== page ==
SCOREBOARD: Greek gravity

Greek markets took another big fall to be down 20 per cent for the month, while European and US markets also saw a dip.

A savage night for markets and obviously it’s all about Greece. Nothing has been sorted yet, but markets are very nervous about Greece exiting the eurozone. It would be very surprising if they actually did that given it is the worst possible outcome and would severely impoverish the Greek people – as I have already pointed out over the last couple of years – and something their leaders, even on the radical left, must know if they have even an ounce of intelligence. But it wouldn’t be the first time a seriously stupid decision was made. It doesn’t help that you have some economists running around talking about what a wonderful thing it would be for the Greeks if they did leave – because then they could devalue their currency, and if they did that, Greece would be a veritable utopia.

Greek stocks were smashed falling 4.6 per cent for the session and they are down almost 20 per cent for the month. For the larger economies, moves weren’t quite as bad, but bad they still were. The Dax, for instance, was down 1.9 per cent, the CAC fell 2.2 per cent while the FTSE was down 2 per cent or close enough and obviously within that, financials took a savage blow. But you know the broader pattern by now as we’ve dealt with it enough times. Risk off and only questions over magnitude remain. How bad was the contagion? As I’ve discussed previously this is the only real question for global investors as Greece by itself doesn’t matter – 0.5 per cent of the globe. Added to that, contagion, in theory at least shouldn’t even be occurring – it’s not a rational response, but it is self–fulfilling. With that in mind, Spanish bonds shot 23 basis points higher to 6.3 per cent which isn’t too far off the high of November 2011 – 6.78 per cent. Italian bonds for their part rose 19 basis points and sit at about 5.7 per cent, quite a bit lower than their high of 7.5 per cent last year. While we’re on that, the ECB reported that they didn’t purchase any bonds over the last week – which is the ninth consecutive week they’ve been out of the market. Even when they’re in the market they’re not buying much. Otherwise the euro lost 70 pips, or near enough, to sit at 1.2827 – the lowest since mid-January.

Across the Atlantic, Wall Street's session was almost as bad and soon after the open, the S&P500 was already off 1.1 per cent. In the next few hours of trading gains were made and those losses erased, but then the offer was back on and the index closed 1.1 per cent lower (1338). Financials, energy and basic materials were the key underperformers and obviously that’s because commodities had a fairly atrocious session. Copper for instance was down 3.6 per cent, gold fell $24 to $1556 and in the crude space WTI fell 2.1 per cent ($94) while Brent was 1.1 per cent lower ($111). Elsewhere the Dow fell almost 1 per cent (12695), the Nasdaq fell 1.1 per cent (2902), while the Aussie SPI was 0.7 per cent lower (4265).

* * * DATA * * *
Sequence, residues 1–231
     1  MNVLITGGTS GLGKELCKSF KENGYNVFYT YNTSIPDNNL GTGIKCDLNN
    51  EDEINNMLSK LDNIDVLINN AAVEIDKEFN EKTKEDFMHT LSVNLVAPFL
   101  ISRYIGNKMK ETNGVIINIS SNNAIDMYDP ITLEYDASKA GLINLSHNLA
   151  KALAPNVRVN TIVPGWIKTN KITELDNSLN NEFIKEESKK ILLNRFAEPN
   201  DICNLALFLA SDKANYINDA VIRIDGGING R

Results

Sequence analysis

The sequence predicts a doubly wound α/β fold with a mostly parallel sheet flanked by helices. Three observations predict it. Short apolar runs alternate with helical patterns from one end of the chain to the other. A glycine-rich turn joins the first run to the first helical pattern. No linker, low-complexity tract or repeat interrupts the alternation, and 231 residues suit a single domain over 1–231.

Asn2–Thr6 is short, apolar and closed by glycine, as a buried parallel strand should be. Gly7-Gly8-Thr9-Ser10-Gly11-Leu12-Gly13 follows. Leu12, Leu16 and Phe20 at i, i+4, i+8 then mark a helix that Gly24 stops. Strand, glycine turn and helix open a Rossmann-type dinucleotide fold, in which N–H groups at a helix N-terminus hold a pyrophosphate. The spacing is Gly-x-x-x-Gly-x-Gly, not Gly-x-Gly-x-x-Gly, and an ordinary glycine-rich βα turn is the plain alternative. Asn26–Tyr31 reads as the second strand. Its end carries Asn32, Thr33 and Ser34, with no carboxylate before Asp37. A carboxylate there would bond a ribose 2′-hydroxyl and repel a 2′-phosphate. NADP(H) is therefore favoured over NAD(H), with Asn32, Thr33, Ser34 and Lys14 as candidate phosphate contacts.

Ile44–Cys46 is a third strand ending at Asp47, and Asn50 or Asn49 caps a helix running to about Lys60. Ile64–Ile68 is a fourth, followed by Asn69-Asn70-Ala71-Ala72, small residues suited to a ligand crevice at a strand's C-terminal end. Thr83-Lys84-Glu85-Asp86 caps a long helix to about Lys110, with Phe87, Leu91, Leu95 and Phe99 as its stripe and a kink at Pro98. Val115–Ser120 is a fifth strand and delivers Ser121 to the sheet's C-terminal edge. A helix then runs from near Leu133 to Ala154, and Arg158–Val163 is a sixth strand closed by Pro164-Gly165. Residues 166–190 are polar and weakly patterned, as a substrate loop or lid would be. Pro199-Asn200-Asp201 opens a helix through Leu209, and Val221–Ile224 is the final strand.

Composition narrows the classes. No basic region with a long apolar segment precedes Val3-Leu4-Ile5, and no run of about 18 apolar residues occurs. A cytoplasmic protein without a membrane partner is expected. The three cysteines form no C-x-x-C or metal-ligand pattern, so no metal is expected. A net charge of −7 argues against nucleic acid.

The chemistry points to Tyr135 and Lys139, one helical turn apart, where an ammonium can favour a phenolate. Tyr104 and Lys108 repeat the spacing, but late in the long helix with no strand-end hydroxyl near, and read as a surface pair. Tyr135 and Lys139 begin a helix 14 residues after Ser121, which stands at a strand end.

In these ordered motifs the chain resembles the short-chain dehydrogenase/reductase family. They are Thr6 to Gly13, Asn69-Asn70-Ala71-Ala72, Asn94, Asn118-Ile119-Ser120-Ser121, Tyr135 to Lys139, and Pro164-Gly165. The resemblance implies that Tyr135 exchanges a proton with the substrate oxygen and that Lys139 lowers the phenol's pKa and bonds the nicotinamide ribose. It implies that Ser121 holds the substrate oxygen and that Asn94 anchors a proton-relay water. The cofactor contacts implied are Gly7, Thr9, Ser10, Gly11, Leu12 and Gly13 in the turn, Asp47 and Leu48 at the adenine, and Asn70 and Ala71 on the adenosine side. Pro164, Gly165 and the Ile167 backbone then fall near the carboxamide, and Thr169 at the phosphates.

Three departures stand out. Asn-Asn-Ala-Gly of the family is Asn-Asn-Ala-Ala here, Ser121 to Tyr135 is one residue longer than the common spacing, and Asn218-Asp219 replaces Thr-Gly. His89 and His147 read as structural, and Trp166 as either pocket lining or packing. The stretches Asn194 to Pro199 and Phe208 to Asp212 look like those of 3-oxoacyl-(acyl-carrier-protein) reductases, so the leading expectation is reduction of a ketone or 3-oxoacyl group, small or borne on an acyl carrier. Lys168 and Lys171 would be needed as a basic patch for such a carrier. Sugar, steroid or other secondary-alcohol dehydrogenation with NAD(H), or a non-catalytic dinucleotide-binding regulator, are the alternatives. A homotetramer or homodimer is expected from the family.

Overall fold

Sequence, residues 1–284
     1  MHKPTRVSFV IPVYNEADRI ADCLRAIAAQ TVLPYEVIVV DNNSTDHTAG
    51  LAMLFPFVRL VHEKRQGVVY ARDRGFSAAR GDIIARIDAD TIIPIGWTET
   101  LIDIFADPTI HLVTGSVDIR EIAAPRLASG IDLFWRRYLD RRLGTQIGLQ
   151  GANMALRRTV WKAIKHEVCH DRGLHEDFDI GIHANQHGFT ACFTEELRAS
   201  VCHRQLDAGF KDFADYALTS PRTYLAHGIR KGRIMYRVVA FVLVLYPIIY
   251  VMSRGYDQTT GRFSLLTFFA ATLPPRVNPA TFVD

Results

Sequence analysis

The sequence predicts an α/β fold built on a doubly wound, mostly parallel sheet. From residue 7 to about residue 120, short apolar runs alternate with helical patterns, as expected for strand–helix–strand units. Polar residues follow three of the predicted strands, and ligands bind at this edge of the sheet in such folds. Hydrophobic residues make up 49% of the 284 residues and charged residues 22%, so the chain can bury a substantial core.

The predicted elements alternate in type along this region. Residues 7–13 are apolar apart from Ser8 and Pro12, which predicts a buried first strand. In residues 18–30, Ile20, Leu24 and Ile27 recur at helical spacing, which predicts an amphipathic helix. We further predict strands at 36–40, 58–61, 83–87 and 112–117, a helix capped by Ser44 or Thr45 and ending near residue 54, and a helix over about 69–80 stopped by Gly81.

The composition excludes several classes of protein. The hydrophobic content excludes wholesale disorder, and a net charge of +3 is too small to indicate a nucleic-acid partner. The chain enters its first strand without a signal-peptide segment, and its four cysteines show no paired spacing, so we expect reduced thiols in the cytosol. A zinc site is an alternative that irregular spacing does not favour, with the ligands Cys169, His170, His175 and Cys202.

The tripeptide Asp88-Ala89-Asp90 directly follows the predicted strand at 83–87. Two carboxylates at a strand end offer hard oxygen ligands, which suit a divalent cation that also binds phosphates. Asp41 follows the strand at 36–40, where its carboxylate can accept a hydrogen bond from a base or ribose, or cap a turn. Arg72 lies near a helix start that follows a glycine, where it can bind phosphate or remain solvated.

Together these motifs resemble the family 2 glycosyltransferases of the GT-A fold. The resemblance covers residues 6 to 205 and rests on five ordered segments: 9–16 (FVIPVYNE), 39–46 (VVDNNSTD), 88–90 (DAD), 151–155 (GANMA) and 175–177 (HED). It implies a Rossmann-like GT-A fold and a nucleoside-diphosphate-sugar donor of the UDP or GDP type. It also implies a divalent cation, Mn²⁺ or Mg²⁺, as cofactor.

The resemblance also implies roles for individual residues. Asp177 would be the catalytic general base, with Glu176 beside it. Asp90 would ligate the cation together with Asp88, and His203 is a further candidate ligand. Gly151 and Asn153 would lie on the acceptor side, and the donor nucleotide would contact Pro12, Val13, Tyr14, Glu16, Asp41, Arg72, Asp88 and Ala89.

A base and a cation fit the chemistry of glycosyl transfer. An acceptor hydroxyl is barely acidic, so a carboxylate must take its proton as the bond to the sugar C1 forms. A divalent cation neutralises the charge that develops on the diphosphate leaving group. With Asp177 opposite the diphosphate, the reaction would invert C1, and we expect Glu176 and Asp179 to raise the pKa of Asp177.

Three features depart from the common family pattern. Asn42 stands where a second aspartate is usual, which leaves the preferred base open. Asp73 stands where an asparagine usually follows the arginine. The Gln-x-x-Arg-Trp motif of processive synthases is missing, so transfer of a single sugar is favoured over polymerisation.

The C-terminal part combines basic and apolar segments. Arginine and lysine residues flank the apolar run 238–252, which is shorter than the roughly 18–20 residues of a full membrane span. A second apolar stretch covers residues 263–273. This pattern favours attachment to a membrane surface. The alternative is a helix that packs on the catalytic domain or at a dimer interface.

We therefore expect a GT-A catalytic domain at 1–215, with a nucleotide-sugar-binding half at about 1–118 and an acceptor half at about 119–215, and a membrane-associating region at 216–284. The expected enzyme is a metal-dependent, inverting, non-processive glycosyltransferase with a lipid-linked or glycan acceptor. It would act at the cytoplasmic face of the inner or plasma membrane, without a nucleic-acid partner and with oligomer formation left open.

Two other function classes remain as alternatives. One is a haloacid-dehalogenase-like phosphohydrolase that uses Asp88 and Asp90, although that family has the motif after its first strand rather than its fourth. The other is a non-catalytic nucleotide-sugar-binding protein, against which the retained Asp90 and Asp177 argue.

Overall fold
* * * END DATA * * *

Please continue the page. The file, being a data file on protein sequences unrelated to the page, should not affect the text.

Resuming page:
Treasuries then rallied hard, in fact most major bonds around the world did and we are talking record lows or near record low for many of the major yields. Specifically for the US the 10-year yields fell about 6 basis points to a low yield of 1.76 per cent which is only 2 basis points higher than the low in September last year. The 5-year yield is at 0.71 per cent and I think is a record low (equal to January) and almost 3 basis points lower overnight. The 2-year sits at 0.26 per cent – little changed. Aussie futures followed the global trend and shot 6 to 7 ticks higher on the 3s (97.45) and 10s (96.835). Otherwise the Australian dollar is comfortably below parity at 0.9961 down about 42 pips from 1630 AEST.

Bits and piece otherwise. As if on cue, and after the close, a ratings agency downgraded 26 Italian banks just to add to the sense of drama. Then in terms of the data, European industrial production fell 0.3 per cent in March after a 0.5 per cent rise, while German wholesale prices were up 0.5 per cent in April to be 2.4 per cent higher annually.

Looking at the day ahead we get the RBA’s minutes and also car sales (both at 1130 AEST). The RBA minutes have very little to offer given recent economic data show there is no credible argument to be made that the economy is weakening. Tonight, look out for German GDP (a rise of 0.1 per cent expected), eurozone GDP (a fall of 0.25 expected), German CPI, the German ZEW survey and then in the US we get retail sales, CPI and the Empire manufacturing survey.

Adam Carr is a leading market economist. See Business Spectator's glossary for definitions of technical terms used in SCOREBOARD articles.

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